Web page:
If you’re good at what you do, you’ll find the more you charge the more demand you’re in and the better clients you’ll get. You get what you charge for.”

Referrals come by truly helping other people. If you deliver on content, inspire them and give them value to take home, then people will not only be happy to pay you, but happy to refer you to others.

Build Testimonials

Your speaking resume, should include links to any press from the event. This provides instant credibility to say you rocked out on the big stage. Testimonials are literally referrals in written or video form. They are recommendations that you can use anywhere. When you put them online they have the power for millions to view which grows trust with every one of your potential clients.

Collect videos from your talks as people are walking out or come up to you after and favorite every nice thing people say about me on Twitter and link it up!

Creating a highlight reel builds both social proof and your expertise, by showing a mix of positive reactions in a live setting and clips of you on stage. The people who speak positively are literally making their referral to the whole world.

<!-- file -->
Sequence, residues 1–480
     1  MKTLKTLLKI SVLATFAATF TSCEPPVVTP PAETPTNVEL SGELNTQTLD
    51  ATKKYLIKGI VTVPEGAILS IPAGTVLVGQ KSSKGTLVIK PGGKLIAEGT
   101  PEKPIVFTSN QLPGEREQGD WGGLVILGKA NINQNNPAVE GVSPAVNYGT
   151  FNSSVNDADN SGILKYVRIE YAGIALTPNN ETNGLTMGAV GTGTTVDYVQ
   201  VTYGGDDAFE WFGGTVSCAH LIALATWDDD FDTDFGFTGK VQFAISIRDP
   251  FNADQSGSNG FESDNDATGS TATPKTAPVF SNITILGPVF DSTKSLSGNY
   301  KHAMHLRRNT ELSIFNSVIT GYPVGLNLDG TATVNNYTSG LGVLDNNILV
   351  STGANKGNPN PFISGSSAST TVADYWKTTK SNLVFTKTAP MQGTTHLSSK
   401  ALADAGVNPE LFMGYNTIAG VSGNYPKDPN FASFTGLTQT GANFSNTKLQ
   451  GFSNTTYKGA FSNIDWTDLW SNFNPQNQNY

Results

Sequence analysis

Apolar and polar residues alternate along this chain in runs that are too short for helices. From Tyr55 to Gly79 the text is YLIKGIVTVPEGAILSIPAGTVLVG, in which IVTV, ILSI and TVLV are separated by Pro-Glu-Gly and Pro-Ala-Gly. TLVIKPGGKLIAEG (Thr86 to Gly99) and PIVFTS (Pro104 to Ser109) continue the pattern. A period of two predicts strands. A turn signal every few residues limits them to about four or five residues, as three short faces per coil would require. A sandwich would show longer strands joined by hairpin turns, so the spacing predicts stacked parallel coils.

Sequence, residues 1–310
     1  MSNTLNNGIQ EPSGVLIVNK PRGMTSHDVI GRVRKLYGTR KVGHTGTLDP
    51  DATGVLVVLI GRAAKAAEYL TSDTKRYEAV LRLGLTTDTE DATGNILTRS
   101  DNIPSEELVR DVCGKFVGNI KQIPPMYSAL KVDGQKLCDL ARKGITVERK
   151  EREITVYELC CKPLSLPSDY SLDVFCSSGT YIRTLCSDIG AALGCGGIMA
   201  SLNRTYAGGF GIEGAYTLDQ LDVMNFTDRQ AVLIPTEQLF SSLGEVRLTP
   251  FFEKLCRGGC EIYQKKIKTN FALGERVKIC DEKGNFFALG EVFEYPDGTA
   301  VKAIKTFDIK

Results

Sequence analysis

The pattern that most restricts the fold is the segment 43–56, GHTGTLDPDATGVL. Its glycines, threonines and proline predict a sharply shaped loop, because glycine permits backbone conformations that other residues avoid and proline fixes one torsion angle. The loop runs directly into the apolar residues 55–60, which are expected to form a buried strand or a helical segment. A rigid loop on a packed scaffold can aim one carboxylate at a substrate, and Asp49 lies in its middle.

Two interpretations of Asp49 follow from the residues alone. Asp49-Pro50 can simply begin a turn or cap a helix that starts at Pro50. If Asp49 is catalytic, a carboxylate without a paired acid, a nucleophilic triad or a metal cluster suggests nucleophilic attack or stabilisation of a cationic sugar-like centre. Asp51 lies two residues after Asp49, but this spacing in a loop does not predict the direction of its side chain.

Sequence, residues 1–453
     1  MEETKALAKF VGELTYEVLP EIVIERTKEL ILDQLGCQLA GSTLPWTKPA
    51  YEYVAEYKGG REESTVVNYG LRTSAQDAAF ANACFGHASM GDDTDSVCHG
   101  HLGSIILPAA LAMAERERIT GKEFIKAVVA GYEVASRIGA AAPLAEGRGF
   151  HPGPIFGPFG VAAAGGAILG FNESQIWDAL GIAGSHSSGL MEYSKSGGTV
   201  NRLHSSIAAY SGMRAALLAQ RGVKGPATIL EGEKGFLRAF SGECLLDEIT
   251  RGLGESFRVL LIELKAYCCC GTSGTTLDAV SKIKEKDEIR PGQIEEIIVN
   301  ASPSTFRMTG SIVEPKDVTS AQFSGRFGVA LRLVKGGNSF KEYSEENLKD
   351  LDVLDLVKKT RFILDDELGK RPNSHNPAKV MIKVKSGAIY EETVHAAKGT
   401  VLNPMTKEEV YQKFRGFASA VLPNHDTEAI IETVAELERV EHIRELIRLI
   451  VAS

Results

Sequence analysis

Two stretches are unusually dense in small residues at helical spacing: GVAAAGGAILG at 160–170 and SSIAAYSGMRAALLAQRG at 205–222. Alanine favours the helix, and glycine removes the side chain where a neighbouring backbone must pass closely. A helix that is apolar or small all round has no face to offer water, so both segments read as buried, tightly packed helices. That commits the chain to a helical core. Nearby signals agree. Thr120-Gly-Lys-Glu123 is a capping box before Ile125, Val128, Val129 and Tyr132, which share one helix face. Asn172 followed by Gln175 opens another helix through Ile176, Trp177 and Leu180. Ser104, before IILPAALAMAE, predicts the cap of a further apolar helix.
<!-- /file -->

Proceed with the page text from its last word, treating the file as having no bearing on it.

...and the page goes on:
Have an Agent or Bureau

If you are looking for more speaker referrals, it helps if you are paying someone a referral fee to connect you with more engagements. Bureaus and agents typically work on a percentage basis of everything they book for you, leaving very little risk or upfront investment on your part. These are the people with connections to shop you around, so why not give them a referral fee?

Start Hustling

Want to do it on your own? It’s time to roll up your sleeves and get people to refer you. Start asking people who compliment you who they know; these people often know tons of people in their industry that would also benefit from hearing your talk. Ask them who they know and be upfront about it. You just helped them by delivering massive value with a great performance and you are looking to help more people in your niche. If they refer you to someone else and you are a rock star, it’ll be huge benefit to them too!

Referrals all come down to over delivering with your service and wow-ing your audience enough to start some chatter. Word of mouth really works!

Matt Wilson is co-founder of Under30CEO.com urging people to drop the 9-5 and get passionate about something. Follow him on Twitter @MattWilsontv as the Gen-Y spokesperson looking to help every young entrepreneur on the planet.